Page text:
Eye on Jackson Hole, Gulf Coast, and Greek Debt

August 27, 2012

It’s been another summer Monday of waiting for events to unfold.  The dollar is marking time with no net overnight changes against the euro, yen, Swiss franc or loonie, an uptick of 0.1% against sterling and the yuan, and a 0.2% rise relative to the kiwi.  An exception to this stability is an advance of 0.9% versus the Aussie dollar.

Tropical Storm Isaac in the Gulf Coast has delayed the start of the Republican National Convention in Tampa by a day to tomorrow.  Keynote address Tuesday to be delivered by Chris Christie, Governor of New Jersey.  Paul Ryan speaks Wednesday, and Mitt Romney is set to accept his party’s nomination on Thursday.

Investors are waiting to see if Ben Bernanke, speaking Friday at the Jackson Hole Symposium, unveils a new round of U.S. quantitative easing or, short of that, makes any gesture that new stimulus is becoming more likely. 

ECB Pdt Draghi speaks at Jackson Hole on September 1, five days before the monthly meeting of the ECB Governing Council.  A story in the German press claims that the Troika of Greek creditors (ECB, EU and IMF) will not finalize their assessment of Greek implementation of reforms until October rather than September.

China’s share prices have slumped 2.1%.  That’s the only substantial change in equities. British markets are closed for a late summer bank holiday.  Elsewhere, equities lost 0.6% in India, 0.4% in Hong Kong, 0.2% in Japan and Singapore, and 0.1% in Australia.  In Europe, the German Dax and Spanish IBEX are up 0.7%, and the Paris Cac is 0.4% higher.  The DOW is off 0.2% following Friday’s rebound.

The 10-year German bund yield has edged up a basis point.  The ten-year Treasury opened a bit lower.

Oil prices dropped 1.2% to $95.04 per barrel, and gold is 0.2% softer at $1669.70 per ounce.

Germany’s IFO Institute released results of its August business climate index.  Germany’s overall business climate weakened between July and August but by less than between June and July.  The overall index still printed at a 29-month low of 102.3, down from 103.2 in July, 105.2 in June, 106.8 in May, 109.6 in February, and 108.8 in August 2011.  Most of August’s deterioration was in expectations, down to 94.2 from 95.6 in July.  Current business conditions dipped 0.3 points to 111.2.  Retail swung from a +5.1 reading in July to negative 4.7 in August, while wholesale fell by 5.9 points to a negative 2.1 score.  Manufacturing was comparatively stable.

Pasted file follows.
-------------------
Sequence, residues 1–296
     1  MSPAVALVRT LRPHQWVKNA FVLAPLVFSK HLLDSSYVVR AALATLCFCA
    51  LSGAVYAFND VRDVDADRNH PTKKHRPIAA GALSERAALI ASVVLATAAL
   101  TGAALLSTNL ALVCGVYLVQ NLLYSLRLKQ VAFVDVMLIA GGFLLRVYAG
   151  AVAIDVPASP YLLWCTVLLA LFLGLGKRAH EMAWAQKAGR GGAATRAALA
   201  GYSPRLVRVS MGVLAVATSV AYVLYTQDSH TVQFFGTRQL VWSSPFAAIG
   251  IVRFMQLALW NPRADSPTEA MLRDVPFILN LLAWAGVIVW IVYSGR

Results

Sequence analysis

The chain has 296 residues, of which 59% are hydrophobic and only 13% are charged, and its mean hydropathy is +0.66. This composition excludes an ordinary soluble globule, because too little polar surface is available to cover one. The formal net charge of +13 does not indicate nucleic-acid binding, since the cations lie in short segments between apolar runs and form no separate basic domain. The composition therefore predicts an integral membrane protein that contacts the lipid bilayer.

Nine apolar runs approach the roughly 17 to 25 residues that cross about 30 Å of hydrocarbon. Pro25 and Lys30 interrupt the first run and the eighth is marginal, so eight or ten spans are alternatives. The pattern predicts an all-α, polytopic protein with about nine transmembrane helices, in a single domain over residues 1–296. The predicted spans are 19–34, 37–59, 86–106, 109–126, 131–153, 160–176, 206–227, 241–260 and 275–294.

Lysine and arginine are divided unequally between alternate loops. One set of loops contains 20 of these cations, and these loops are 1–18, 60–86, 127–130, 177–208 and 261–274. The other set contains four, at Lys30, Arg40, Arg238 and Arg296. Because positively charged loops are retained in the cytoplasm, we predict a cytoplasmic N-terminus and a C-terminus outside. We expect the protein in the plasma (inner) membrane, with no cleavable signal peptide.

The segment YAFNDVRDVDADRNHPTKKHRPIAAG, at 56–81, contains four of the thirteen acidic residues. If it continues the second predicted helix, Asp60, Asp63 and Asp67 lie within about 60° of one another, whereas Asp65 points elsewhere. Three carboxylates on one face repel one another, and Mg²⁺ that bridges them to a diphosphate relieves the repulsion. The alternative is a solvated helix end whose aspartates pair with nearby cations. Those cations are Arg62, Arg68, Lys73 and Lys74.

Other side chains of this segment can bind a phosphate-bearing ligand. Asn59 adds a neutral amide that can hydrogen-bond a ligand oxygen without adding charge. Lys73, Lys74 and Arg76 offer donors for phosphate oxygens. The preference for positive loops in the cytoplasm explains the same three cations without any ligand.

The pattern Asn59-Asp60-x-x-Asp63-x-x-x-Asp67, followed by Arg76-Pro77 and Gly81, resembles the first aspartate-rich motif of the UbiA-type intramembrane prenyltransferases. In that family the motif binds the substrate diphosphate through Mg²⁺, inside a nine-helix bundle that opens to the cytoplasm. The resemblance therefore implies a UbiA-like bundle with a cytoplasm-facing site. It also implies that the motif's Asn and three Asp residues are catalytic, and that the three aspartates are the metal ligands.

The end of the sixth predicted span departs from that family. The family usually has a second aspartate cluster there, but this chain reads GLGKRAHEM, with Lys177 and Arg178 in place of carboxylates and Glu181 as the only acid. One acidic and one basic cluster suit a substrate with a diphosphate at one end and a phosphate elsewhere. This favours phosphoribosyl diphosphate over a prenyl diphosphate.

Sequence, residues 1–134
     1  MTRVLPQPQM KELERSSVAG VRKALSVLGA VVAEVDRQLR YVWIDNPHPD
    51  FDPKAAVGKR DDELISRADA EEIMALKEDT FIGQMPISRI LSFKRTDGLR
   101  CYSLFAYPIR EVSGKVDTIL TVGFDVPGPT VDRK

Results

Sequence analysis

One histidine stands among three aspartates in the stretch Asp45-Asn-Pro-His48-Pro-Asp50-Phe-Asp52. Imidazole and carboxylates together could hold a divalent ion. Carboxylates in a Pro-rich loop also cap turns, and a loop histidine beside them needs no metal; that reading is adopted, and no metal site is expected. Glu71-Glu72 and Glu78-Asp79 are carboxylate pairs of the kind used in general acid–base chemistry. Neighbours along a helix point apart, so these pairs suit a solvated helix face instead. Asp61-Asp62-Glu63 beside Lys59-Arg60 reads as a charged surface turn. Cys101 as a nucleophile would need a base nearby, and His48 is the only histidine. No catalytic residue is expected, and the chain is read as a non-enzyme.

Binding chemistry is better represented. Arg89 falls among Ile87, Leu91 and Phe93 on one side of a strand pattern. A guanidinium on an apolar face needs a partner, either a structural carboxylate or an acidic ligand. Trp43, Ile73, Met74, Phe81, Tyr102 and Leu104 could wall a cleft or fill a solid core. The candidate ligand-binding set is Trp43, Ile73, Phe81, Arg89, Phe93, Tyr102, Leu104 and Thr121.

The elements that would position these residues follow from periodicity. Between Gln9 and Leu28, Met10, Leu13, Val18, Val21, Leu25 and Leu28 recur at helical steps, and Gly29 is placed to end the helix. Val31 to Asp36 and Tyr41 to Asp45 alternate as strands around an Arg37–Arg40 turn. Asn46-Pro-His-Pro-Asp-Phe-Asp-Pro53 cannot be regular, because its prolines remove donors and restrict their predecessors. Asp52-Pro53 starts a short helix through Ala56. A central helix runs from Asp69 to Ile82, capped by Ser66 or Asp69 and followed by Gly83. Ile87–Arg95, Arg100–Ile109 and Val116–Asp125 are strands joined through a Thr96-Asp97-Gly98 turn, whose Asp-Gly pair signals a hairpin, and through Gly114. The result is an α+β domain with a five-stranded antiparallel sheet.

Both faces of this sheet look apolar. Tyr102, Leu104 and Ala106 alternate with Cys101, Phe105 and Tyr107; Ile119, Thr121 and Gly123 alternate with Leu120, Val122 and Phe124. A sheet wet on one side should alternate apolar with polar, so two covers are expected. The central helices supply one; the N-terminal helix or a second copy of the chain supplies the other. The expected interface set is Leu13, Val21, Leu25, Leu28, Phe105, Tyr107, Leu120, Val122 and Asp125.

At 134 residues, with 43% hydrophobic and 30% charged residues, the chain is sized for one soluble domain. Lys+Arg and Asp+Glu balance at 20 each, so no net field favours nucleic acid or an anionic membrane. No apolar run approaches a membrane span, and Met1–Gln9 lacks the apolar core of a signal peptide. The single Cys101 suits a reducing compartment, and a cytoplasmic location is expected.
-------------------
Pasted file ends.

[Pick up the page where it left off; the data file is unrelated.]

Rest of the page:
German import prices rose 0.7% on month in July but decelerated on an on-year basis to 1.2% from 1.3% in June, and 3.1% last March.  Import price inflation excluding mineral fuels eased to just 1.0% from 1.6%.  Export prices increased 0.3% in July and retained a 12-month 1.4% rate of increase.

The Conference Board reported that Euroland’s index of leading economic indicators was unchanged in July and that the index of coincident indicators also stagnated.  Holland’s business sentiment index improved 0.6 points, which was more than expected, to a reading of negative 4.6 in August.

The British Hometrack house price index dipped 0.1% on month and by 0.5% on year in August.

Swedish retail sales rose 0.3% in July and by 2.4% from a year earlier.  Swedish producer price inflation swung to negative 1.1% in July from 0.4% in June.  M2 money was 7.8% larger than in July 2011.

Finnish consumer confidence stayed weak in August, bouncing only back to 0.5 after plunging from 5.8 in June to a score of 0.1 in July.  The Greek trade deficit narrowed by 20.5% to EUR 1.05 billion in June.  Hungarian economic sentiment worsened 1.5 points in August to a reading of minus 24.7.

Moody’s reclassified South Korean debt at Aa3, up from A1 and said the debt rating outlook is stable.  The Bank of Korea estimated expected CPI inflation for the coming year at an unchanged 3.6%.  Consumer confidence in South Korea slid a point to a 7-month low of 99 in August.

Bank of Japan Governor Shirakawa reiterated that chronic yen strength could weaken Japanese economic growth.

Industrial profits in China fell 5.4% in the year to July, the fourth on-year drop in a row.  Profits in January-July were 2.7% lower than a year before.

Taiwan’s index of leading economic indicators firmed 0.2% in July, while the coincident index went up 0.4%.  Vietnamese industrial output was 4.4% greater in August than a year earlier.

Turkish business sentiment fell sharply in August to 104.5 from readings of 108.1 in June and 107.3 in July.

The Bank of Israel left its key interest rate unchanged for another month at 2.25% as analysts were expecting.

The Dallas Federal Reserve manufacturing index slumped 5.6 points in August to a 3-month low of 6.4.

Copyright 2012, Larry Greenberg.  All rights reserved.  No secondary distribution without express permission.

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